Despite the fact that the United States Catholic Conference has taken dozens, even hundreds, of positions on public policy issues in the name of the American bishops over the past decade, on only two occasions has the media paid much attention: to the pastoral letter, “The Challenge of Peace,” and to the recent statement disavowing partisan support for particular candidates or parties issued by Bishop James Malone in the name of the USCC Executive Committee.
The response of the media/political culture on these two occasions is both fascinating and instructive. “The Challenge of Peace” was greeted with almost universal approbation, indeed adulation, on the networks, in the national news magazines, and in the major national dailies (excepting the Wall Street Journal and some voices in the Washington Post). Malone’s proclamation met with almost audible relief: thank God (or Whomever), that crazy Archbishop in New York wasn’t really going to get down to cases on the politics of abortion.
The ghost of Paul Blanchard and other nativist anti-Catholics smiled somewhere; the Catholics were back on leash.
Such was not Bishop Malone’s intent, of course, and his statement itself has nothing really exceptionable in it (with one caveat I’ll note below). But in politics, particularly media politics, the context is almost everything. The bishops were applauded when they issued “The Challenge of Peace,” not because the dominant secularized currents of thought in the media/political culture were eager to have an explicitly Roman Catholic voice in the debate over national security policy, but because the bishops’ prudential judgments (and the whole tone of the pastoral) seemed to give welcome aid and comfort to the policy preferences of the networks, the opinion papers, and the weeklies. But when the focusing issue became abortion, the same voices that embraced the NCCB in May, 1983 backed off as if they were being approached by lepers. The Post‘s Haynes Johnson, an infallible barometer of left/liberal media sentiment, actually confessed to being “scared” by this dangerous admixture of religion and politics. The Times editorialized about the danger to the Republic that Arch-bishop O’Connor’s original remarks on the politics of abortion represented. About the only thing missing was a warning about a tunnel being dug from St. Peter’s to the Vatican nunciature in Washington, D.C.; but we’re living in a more enlightened age than that of Al Smith, don’t you know?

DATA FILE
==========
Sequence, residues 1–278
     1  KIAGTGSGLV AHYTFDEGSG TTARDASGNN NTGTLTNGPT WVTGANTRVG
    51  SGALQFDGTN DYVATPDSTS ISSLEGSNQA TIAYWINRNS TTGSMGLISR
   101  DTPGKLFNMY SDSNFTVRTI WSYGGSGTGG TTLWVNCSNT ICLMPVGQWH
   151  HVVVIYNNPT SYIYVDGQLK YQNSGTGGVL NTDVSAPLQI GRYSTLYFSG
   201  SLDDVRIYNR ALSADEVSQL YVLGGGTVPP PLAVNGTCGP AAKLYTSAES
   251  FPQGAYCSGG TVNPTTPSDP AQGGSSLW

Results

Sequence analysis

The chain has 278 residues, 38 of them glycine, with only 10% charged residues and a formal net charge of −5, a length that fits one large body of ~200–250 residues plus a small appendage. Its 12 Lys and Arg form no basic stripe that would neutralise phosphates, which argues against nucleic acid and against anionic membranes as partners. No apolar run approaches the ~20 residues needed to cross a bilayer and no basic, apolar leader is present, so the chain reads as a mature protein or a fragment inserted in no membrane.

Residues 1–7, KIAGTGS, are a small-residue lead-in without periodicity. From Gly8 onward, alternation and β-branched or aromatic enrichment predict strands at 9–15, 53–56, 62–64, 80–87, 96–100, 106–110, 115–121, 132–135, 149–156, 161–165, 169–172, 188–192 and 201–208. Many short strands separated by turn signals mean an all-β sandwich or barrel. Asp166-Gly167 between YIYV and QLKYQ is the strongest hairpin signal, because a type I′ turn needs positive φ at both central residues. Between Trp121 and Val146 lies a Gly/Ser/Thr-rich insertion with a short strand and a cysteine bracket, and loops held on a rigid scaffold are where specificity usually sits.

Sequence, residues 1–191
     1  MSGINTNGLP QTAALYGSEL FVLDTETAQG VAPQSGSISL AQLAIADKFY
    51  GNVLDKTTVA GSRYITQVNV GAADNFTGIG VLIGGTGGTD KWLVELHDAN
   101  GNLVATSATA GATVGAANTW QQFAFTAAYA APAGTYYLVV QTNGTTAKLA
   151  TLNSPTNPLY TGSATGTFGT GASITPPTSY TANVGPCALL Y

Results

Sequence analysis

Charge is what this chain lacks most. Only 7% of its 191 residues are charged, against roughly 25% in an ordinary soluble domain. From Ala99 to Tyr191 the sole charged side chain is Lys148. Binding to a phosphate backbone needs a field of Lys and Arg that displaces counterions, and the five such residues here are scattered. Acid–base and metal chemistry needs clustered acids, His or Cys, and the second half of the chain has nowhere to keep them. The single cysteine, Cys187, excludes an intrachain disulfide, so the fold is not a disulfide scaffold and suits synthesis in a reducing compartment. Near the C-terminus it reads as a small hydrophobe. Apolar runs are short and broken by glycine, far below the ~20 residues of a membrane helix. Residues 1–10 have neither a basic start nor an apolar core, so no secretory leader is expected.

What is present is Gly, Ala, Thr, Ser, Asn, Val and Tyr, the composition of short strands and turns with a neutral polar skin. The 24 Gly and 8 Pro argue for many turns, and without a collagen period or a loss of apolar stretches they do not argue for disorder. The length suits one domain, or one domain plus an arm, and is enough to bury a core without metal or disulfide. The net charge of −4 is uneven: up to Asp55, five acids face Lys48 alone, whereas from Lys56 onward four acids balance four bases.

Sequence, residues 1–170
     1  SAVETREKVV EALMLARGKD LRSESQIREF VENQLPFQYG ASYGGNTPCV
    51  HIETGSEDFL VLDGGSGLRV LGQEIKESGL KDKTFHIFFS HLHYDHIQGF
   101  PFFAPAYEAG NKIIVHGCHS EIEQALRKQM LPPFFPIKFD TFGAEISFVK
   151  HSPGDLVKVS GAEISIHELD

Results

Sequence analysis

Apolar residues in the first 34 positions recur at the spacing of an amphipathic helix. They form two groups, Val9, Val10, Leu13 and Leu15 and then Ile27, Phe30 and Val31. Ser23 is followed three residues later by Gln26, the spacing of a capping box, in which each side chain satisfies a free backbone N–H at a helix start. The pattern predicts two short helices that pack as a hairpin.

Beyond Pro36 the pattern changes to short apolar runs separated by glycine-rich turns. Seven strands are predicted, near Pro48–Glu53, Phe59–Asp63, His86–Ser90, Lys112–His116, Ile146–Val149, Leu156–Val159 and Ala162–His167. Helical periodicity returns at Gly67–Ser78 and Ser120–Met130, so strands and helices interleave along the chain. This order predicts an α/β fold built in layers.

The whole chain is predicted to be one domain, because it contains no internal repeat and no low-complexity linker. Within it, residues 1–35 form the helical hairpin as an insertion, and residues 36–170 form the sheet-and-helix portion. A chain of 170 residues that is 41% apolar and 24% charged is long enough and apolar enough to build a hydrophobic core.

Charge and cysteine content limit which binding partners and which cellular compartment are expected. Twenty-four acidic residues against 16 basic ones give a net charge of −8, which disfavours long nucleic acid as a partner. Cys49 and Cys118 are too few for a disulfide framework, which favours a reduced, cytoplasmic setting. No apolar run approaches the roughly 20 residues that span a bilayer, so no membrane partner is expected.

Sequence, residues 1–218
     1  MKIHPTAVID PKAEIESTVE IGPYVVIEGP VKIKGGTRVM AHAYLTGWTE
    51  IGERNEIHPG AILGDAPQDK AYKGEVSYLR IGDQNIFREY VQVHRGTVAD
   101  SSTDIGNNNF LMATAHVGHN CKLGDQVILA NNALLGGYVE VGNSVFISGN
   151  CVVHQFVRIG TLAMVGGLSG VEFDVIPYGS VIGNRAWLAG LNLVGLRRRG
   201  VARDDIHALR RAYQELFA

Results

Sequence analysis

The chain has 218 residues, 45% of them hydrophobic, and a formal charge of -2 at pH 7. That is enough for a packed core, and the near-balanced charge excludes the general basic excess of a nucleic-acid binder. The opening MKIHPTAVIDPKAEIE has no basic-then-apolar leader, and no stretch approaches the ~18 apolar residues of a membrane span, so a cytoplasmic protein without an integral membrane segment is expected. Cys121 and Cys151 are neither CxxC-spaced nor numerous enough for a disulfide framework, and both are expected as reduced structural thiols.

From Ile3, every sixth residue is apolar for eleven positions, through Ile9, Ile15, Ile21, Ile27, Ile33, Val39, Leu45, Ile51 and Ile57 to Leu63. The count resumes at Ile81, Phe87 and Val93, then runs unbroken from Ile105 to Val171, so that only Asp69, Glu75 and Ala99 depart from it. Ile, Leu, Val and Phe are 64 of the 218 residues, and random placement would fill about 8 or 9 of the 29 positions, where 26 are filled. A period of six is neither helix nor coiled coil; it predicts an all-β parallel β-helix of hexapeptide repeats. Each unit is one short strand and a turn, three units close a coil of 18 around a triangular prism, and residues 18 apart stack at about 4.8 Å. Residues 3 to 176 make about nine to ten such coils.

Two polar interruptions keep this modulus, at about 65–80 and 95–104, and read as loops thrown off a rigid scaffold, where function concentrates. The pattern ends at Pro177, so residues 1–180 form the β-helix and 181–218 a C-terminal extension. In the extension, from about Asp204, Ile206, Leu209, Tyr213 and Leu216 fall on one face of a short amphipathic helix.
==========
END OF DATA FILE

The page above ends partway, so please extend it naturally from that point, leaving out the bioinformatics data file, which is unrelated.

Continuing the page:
The controversy around the bishops and politics is a subset of a much broader debate about the role of religious institutions, organizations, and values in the public life of America. And I don’t mean to be flip about any of this: we are squarely down to questions of first principles here. But one has to wonder what the bishops (and, perhaps more interestingly, the relevant staff members of the USCC) think about the different receptions accorded “The Challenge of Peace” and their various statements on abortion. Or about the different receptions accorded various USCC statements on social welfare policy, the economy, and, say, tuition tax credits? Is there a pattern of response from the media/political culture? Does that pattern suggest that the bishops and the USCC are appreciated or scolded precisely in partisan terms (even if the question is of ideological, rather than Democratic/Republican, partisanship)? What does that tell us about the capacity of the USCC and the bishops to shape a more ethically nuanced debate on public policy issues, rather than being one other actor in a pre-existing argument? Shouldn’t the Catholic leadership of America begin to think through its responsibilities to join with others (Lutherans and evangelicals, for example) in addressing the complex question of how we can re-clothe what Richard Neuhaus has rightly called the “naked public square”? Does the formal leadership of American Catholicism have nothing of substance to say on the question of what happens to a democracy like ours when the religiously-based values of the majority of its people are ruled out of order in public discourse? Can we not play an important mediating position between the extremes represented by the ACLU and Moral Majority, Inc.?
These are the kinds of questions to which the bishops might usefully turn their common attention. But in doing so, they may have to concede some painful distinctions; and, to return briefly to the Malone statement, one of the most painful distinctions necessary is between the abortion and nuclear weapons issues. Of course, at one level, both of these are matters of the sanctity of human life. But there are differences in the issues that are at least as important as this general similarity. It is not the public policy of the United States to take innocent life through “direct attacks on non-combatants in war”; it is the public policy of the United States, at present, to allow the virtually unrestricted taking of innocent life through abortion. Approximately 1.5 million abortions were performed in the United States in 1983; over one and a half million Americans legally killed their children, sometimes for excruciatingly complex reasons, more often for personal convenience. That is an immediate, present danger. The bishops have pointed it out, time and again. But they need not expect to win political points on the abortion issue by having the “right” (which means “left”) view of nuclear weapons and national security strategy. That is one lesson of the O’Connor/Ferraro/Cuomo/Malone contretemps that bears a lot of reflection as the bishops consider their intended role as shapers of the moral dimension of our public policy debate.